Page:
Micronutrient supplements and mortality of HIV-infected adults with pulmonary TB: A controlled clinical trial

Richard D. Semba, J. Kumwenda, E. Zijlstra, M. O. Ricks, M. Van Lettow, C. Whalen, T. D. Clark, L. Jorgensen, J. Kohler, N. Kumwenda, T. E. Taha, A. D. Harries

Research output: Contribution to journalArticlepeer-review

Abstract

SETTING: Zomba and Blantyre, Malawi, Africa. OBJECTIVES: To determine whether daily micronutrient supplementation reduces the mortality of human immunodeficiency virus (HIV) infected adults with pulmonary tuberculosis (TB). DESIGN: A randomised, controlled clinical trial of micronutrient supplementation for HIV-positive and HIV-negative adults with pulmonary TB. Participants were enrolled at the commencement of chemotherapy for sputum smear-positive pulmonary TB and followed up for 24 months. RESULTS: A total of 829 HIV-positive and 573 HIV-negative adults were enrolled. During follow-up, 328 HIV-positive and 17 HIV-negative participants died. The proportion of HIV-positive participants who died in the micronutrient and placebo groups was 38.7% and 40.4%, respectively (P = 0.49). Micronutrient supplementation did not reduce mortality (hazard ratio [HR] 0.93, 95%CI 0.75-1.15) among HIV-positive adults. CONCLUSIONS: Micronutrient supplementation at the doses used in this study does not reduce mortality in HIV-positive adults with pulmonary TB in Malawi.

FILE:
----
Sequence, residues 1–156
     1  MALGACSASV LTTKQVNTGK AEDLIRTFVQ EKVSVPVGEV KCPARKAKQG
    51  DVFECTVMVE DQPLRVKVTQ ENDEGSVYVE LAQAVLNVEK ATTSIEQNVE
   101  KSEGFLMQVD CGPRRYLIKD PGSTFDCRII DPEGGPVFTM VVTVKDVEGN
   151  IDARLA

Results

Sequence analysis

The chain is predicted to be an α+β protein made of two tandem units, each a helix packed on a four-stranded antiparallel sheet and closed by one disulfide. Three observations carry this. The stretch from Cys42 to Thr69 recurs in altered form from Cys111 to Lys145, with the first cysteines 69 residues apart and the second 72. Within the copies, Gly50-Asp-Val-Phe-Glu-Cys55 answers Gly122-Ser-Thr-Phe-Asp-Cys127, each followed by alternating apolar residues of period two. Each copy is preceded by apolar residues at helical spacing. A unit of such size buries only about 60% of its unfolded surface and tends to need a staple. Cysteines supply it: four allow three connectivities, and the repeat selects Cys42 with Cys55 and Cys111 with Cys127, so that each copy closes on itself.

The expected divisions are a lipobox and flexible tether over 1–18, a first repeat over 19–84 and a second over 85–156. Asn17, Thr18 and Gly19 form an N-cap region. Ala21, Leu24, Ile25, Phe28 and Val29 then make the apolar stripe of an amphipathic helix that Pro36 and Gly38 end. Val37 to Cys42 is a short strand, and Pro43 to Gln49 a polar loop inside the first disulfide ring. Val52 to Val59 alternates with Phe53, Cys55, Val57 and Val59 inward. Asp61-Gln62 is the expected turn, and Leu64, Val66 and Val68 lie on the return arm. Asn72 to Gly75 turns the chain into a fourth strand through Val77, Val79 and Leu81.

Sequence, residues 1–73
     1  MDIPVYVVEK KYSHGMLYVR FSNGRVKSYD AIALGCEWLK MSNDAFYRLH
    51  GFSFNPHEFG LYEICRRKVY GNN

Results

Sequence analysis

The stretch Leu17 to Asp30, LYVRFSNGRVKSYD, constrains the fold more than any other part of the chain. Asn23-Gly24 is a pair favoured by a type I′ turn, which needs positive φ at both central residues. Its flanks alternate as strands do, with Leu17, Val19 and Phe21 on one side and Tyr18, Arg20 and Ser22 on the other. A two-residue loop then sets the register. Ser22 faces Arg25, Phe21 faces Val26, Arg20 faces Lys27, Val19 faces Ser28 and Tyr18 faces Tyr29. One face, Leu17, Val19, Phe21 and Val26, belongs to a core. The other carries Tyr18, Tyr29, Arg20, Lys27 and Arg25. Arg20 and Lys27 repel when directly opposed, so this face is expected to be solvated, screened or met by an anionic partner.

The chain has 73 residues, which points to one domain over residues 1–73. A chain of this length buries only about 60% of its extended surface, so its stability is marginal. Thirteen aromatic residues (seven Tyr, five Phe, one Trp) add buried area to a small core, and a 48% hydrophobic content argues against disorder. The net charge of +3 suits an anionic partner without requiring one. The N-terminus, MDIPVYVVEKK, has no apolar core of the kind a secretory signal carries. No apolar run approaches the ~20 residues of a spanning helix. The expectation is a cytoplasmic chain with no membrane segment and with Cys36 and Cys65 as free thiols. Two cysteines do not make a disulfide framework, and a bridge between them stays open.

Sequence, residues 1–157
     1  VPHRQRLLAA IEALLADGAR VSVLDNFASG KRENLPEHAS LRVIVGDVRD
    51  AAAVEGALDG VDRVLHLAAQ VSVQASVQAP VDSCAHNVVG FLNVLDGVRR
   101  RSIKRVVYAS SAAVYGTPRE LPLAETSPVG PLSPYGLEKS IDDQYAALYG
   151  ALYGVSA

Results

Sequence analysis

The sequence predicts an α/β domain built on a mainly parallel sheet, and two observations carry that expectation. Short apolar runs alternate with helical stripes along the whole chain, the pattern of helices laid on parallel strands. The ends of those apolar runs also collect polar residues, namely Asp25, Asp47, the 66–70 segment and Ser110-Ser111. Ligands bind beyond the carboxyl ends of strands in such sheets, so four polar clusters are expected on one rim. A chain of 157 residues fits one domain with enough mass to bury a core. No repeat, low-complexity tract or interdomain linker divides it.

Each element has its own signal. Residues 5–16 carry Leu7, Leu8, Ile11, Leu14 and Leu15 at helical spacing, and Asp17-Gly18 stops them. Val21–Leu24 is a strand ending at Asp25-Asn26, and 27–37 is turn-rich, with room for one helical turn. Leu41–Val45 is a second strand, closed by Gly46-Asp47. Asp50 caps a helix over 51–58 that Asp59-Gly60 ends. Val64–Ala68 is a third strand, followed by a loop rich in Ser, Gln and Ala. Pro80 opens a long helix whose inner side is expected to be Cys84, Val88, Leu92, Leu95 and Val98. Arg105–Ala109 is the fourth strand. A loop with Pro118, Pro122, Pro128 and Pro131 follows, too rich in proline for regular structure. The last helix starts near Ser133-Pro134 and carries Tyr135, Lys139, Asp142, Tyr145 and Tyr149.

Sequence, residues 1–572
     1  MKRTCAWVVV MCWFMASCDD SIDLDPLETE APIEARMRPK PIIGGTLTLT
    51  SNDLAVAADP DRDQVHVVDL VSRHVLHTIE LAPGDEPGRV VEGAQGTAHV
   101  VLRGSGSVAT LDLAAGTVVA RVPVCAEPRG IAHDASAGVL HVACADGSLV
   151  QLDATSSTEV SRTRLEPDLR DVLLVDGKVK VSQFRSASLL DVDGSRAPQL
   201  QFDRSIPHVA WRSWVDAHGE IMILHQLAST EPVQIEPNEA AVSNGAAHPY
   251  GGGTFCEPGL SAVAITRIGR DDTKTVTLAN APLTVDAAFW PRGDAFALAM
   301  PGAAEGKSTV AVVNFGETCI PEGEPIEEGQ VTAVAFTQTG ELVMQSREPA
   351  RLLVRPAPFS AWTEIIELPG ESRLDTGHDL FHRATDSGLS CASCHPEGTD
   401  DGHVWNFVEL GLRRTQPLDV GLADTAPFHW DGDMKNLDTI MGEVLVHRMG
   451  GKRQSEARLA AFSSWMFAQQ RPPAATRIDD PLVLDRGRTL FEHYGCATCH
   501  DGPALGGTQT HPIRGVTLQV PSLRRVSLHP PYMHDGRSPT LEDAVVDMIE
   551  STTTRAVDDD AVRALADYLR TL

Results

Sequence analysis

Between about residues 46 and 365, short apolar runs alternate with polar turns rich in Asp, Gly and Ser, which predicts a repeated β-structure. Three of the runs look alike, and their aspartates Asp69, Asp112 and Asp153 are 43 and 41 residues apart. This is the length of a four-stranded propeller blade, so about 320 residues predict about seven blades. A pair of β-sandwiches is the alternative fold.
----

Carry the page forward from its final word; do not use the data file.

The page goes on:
Original languageEnglish (US)
Pages (from-to)854-859
Number of pages6
JournalInternational Journal of Tuberculosis and Lung Disease
Volume11
Issue number8
StatePublished - Aug 2007

Keywords

  • Africa
  • HIV
  • Malnutrition
  • Micronutrient
  • Mortality
  • TB

ASJC Scopus subject areas

  • Pulmonary and Respiratory Medicine
  • Infectious Diseases

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